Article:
Sickness absence has represented a growing public health problem in many Western countries over the last decade. In Sweden disorders of the musculoskeletal system cause approximately one third of all sick leave. The Social Insurance Agency (SIA) and the health care system are important actors in handling the sickness absence process. The objective was to study how patients with personal experience of sickness absence due to musculoskeletal disorders perceived their contact with these actors and what they considered as obstructing or facilitating factors for recovery and return to work in this situation.
In-depth interviews using open-ended questions were conducted with fifteen informants (aged 33-63, 11 women), all with experience of sickness absence due to musculoskeletal disorders and purposefully recruited to represent various backgrounds as regards diagnosis, length of sick leave and return to work. The interviews were audio-recorded, transcribed verbatim and analysed using content analysis.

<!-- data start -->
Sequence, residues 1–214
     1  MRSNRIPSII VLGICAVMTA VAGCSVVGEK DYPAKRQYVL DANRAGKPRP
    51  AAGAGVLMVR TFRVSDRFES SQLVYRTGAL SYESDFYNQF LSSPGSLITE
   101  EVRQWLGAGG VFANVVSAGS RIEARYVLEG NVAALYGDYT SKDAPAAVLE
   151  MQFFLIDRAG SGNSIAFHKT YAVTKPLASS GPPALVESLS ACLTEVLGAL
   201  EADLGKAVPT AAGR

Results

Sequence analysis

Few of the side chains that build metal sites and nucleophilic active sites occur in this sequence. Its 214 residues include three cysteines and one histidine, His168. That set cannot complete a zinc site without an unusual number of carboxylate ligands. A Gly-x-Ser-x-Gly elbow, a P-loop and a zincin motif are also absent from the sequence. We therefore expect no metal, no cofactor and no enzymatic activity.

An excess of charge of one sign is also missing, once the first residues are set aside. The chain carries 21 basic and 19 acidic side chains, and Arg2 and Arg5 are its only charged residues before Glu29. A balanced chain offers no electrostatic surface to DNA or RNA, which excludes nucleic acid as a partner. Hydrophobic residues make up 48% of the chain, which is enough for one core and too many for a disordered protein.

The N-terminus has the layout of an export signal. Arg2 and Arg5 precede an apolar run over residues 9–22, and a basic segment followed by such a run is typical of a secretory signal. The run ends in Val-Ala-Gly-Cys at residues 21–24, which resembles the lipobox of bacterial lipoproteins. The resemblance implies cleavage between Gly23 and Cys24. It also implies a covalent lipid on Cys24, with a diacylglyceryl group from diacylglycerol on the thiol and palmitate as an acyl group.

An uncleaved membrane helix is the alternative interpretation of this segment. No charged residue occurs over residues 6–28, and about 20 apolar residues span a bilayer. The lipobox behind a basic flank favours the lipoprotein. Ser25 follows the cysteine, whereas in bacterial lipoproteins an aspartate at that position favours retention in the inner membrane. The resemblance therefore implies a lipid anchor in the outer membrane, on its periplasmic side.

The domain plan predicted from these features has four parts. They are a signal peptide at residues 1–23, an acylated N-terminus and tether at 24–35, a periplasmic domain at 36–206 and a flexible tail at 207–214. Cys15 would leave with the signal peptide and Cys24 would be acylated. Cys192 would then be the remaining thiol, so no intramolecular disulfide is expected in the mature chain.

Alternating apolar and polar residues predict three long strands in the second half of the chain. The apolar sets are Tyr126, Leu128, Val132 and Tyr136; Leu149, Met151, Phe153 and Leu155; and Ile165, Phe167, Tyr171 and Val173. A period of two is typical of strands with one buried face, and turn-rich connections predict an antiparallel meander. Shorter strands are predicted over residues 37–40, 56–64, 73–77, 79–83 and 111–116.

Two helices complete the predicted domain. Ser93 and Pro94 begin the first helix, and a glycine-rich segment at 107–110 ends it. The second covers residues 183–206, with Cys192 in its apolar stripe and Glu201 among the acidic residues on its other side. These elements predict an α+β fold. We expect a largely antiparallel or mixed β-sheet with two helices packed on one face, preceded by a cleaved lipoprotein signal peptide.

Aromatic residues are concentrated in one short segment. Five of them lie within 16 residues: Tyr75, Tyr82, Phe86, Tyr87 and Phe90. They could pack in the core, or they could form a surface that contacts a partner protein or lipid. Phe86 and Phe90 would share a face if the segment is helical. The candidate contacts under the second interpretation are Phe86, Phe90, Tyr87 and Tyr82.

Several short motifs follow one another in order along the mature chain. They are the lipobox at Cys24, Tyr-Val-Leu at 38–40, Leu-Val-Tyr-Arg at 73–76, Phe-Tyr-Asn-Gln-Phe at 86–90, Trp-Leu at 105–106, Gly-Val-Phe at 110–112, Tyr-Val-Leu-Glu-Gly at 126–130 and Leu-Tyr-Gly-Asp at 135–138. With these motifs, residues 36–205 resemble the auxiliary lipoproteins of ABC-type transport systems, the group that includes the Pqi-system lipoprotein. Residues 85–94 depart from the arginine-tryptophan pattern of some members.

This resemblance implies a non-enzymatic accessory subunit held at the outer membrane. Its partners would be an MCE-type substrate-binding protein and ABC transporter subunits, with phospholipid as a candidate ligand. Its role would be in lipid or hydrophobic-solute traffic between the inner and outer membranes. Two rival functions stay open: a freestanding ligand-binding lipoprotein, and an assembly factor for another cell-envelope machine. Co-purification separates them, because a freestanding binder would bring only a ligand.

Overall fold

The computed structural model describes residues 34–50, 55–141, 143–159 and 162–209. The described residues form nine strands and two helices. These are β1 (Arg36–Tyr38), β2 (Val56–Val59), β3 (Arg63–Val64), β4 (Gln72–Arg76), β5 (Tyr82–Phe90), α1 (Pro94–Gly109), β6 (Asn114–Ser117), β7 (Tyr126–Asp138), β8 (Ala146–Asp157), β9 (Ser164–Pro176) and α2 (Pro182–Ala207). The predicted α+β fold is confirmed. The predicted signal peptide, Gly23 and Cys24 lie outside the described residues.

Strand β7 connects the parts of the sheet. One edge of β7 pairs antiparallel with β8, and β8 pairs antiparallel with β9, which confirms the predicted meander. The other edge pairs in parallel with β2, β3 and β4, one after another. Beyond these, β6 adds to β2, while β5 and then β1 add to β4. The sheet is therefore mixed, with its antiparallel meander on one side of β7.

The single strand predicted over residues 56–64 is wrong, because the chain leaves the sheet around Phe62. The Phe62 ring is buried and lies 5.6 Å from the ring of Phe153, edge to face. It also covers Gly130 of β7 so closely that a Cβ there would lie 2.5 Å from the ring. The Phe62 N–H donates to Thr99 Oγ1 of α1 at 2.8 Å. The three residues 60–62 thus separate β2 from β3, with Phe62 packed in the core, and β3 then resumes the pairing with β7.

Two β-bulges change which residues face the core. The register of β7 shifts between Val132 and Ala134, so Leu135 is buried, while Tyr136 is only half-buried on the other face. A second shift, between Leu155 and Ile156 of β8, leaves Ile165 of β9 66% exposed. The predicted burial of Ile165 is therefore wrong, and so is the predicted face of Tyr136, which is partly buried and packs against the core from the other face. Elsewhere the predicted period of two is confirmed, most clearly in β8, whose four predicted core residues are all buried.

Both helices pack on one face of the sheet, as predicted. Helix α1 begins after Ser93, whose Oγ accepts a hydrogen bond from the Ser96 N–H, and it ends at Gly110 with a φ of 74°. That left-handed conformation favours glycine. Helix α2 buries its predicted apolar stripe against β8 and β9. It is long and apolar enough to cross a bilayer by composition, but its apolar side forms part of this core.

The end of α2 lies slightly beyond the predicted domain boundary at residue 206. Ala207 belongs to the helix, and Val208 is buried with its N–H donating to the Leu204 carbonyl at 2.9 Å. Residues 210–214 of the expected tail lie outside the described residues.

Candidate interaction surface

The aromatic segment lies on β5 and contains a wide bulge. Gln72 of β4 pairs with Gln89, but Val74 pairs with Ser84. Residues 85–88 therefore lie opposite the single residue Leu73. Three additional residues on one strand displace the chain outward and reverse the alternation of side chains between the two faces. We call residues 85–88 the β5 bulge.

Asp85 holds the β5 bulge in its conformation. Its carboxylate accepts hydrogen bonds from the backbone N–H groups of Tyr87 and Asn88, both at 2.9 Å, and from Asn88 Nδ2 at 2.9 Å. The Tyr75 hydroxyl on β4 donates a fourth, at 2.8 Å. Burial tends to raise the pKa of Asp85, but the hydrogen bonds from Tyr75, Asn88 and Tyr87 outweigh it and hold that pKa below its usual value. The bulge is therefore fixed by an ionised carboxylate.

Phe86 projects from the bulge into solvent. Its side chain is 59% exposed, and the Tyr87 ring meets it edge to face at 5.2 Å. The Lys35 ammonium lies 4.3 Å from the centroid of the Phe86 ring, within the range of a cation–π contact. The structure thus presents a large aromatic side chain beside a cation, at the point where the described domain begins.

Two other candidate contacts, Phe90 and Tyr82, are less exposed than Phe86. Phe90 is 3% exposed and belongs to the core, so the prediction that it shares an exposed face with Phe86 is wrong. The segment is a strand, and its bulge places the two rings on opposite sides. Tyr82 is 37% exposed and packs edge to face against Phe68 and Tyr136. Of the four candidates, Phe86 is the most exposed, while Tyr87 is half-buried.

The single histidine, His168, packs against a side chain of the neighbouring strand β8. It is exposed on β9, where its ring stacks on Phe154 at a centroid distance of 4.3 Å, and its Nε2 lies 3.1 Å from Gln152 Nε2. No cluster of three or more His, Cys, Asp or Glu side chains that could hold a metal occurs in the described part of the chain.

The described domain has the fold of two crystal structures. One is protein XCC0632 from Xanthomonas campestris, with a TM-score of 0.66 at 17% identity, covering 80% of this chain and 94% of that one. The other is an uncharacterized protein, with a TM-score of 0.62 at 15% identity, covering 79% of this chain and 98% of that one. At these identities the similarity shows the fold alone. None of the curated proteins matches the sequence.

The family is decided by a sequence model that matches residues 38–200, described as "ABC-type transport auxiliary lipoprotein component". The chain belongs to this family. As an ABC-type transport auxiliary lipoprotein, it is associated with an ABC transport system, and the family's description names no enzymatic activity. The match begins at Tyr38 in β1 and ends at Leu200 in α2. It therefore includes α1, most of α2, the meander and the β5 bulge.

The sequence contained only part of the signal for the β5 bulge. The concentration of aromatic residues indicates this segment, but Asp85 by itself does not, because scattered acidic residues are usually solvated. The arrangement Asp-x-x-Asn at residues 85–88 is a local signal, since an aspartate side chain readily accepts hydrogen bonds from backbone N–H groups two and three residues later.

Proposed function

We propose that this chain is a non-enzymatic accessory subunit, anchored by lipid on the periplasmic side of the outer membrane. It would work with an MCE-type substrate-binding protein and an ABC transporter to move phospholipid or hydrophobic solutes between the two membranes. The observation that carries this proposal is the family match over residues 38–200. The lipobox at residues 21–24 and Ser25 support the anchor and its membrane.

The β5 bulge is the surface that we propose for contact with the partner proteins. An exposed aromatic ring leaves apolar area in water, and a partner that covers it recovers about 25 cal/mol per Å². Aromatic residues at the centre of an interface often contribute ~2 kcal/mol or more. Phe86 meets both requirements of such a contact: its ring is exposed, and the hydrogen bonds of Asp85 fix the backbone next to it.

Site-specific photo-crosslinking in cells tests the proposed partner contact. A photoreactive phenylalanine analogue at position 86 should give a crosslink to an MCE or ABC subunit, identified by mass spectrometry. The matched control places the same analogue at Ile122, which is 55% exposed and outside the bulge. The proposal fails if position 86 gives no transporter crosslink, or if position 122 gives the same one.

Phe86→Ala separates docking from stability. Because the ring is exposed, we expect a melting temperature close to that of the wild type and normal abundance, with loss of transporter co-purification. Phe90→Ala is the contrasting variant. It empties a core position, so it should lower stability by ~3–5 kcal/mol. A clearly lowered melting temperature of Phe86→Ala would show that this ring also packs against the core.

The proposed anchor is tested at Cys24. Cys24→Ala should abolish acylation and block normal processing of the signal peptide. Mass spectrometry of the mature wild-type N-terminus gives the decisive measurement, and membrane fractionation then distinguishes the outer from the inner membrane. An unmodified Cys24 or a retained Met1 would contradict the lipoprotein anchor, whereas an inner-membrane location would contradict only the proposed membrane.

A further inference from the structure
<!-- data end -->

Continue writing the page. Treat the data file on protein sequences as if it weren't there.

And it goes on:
The informants' perceived the interaction with the SIA and health care as ranging from coherent to fragmented. Being on sick leave was described as going through a process of adjustment in both private and working life. This process of adjustment was interactive and included not only the possibilities to adjust work demands and living conditions but also personal and emotional adjustment. The informants' experiences of fragmented interaction reflected a sense that their entire situation was not being taken into account. Coherent interaction was described as facilitating recovery and return to work, while fragmented interaction was described as obstructing this. The complex division of responsibilities within the Swedish rehabilitation system may hamper sickness absentees' possibilities of taking responsibility for their own rehabilitation.
This study shows that people on sick leave considered the interaction with the SIA and health care as an important part of the rehabilitation process. The contact with these actors was perceived as affecting recovery and return to work. Working for a more coherent process of rehabilitation and offering professional guidance to patients on sick leave might have an empowering effect.